In contrast, the Joint List swelled to an impressive 15 seats, winning 90 percent of all votes in the Arab sector. However, this historical achievement is neutered, because the stronger the Joint List becomes, the weaker become its partners in the anti-Bibi journey. The biggest beneficiaries of the third election round were the Likud and the Joint List. As a Palestinian blogger from Haifa wrote on Facebook, “A bigger Joint List = a bigger Likud”. The equation refers to a symbiosis. As the Joint List grew and “the Arabs flocked to the polling stations,” the right wing could play on fear to bring its own voters home. In turn, the more the right incites against Arabs, the more the Arabs vote in defiance and the larger the Joint List grows.
A notable result of this third act is the near disappearance of the Zionist left. Meretz’s deference to Gantz’s Blue and White resulted in leakage of votes to both Gantz and the Joint List. Not only did Meretz omit to place an Arab candidate in a realistic spot among its candidates, but it completely abandoned its message of opposing the occupation, instead merely joining the “not Bibi” choir. It lost its raison d’etre.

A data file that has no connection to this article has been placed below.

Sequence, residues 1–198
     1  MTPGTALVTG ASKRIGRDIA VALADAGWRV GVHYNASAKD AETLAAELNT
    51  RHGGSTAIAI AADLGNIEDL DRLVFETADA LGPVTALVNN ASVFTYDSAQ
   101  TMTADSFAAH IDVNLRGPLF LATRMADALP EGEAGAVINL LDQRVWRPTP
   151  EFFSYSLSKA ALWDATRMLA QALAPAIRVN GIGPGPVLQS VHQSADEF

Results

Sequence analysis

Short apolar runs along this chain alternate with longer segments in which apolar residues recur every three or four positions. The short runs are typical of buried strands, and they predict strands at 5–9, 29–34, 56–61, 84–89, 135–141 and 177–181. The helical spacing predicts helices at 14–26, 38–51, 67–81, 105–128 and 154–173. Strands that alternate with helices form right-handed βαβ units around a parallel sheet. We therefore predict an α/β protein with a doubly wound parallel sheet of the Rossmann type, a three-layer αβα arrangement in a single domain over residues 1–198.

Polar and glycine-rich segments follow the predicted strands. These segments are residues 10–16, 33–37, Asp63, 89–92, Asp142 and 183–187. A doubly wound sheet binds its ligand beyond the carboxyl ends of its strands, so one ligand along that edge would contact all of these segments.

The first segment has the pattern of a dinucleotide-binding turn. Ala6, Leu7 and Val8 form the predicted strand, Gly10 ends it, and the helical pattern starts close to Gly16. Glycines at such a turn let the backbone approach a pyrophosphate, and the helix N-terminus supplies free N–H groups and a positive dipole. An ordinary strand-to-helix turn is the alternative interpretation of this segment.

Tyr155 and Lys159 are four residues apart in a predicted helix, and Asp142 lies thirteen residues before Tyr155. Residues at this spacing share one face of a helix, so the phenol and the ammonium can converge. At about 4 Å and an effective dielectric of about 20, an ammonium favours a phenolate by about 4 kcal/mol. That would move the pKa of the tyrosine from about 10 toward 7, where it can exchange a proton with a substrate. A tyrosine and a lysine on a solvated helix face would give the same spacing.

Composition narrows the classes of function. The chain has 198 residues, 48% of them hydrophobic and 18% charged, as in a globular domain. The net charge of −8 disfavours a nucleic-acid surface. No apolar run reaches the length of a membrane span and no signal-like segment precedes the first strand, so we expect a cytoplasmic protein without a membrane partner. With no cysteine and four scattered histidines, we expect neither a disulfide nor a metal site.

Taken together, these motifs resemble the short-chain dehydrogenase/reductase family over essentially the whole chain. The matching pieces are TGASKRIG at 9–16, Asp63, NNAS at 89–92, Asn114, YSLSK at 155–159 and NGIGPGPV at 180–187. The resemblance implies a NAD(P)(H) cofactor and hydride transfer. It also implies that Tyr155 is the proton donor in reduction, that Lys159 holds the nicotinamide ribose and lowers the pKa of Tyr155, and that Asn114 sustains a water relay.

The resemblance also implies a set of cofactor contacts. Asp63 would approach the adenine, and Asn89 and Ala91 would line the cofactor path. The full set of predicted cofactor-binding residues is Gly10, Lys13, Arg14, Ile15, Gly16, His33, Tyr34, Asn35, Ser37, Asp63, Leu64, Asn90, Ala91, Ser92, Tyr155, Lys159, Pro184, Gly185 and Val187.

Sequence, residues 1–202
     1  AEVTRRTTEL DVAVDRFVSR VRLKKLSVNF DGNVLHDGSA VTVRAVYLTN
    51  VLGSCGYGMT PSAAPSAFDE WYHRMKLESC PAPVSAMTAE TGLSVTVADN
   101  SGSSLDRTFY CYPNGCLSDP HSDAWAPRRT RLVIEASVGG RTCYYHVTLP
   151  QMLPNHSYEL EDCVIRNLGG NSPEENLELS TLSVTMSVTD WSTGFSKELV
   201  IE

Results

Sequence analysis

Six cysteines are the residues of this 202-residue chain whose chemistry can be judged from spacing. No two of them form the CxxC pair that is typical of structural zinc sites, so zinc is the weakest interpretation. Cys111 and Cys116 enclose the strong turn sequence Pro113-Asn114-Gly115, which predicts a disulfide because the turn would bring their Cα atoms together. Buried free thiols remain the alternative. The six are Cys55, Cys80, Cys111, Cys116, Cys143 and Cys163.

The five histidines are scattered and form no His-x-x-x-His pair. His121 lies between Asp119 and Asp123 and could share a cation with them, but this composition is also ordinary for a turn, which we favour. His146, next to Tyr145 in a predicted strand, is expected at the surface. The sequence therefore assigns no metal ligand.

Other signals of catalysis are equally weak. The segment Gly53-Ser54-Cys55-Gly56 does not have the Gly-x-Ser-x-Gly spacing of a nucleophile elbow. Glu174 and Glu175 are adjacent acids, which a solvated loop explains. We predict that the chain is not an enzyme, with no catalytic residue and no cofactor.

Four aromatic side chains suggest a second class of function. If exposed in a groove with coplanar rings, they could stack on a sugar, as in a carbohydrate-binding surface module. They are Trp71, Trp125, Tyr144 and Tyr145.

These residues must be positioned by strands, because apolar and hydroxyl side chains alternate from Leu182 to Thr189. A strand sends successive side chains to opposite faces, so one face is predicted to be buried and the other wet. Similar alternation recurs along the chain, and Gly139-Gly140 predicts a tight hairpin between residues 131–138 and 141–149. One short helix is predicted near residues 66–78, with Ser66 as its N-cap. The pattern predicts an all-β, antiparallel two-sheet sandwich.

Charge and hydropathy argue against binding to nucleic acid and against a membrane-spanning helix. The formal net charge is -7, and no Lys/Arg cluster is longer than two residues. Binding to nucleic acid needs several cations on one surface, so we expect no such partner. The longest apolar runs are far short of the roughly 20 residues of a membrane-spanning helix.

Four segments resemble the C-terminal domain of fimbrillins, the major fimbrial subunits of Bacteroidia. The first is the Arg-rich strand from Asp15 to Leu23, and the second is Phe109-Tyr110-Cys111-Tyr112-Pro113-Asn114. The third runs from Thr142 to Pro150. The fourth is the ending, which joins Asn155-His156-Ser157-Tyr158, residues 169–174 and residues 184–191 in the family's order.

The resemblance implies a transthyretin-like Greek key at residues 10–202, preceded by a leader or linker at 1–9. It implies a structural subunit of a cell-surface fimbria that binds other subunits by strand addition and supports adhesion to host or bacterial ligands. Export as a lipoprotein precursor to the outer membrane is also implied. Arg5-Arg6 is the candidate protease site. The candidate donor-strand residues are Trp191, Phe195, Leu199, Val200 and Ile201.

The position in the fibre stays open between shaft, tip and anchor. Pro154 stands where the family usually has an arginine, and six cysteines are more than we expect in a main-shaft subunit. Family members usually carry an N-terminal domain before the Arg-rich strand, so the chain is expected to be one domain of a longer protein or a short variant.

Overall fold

The litmus test distinguishing opponents of the occupation from its supporters is Trump’s Deal of the Century. Gantz’s Blue and White adopted the Deal with reservations, while Meretz mumbled its resistance but was ready to continue backing Gantz despite his support for annexing parts of the West Bank. Thus, Meretz decided that the good of Israel has priority over the good of the Palestinians, and that defending the rule of law by beating Netanyahu has priority over the rule of five million people who are shorn of their rights. Joining the Labor Party and its unconditional support for Gantz, Meretz implicitly accepted the Deal of the Century as the only show in town.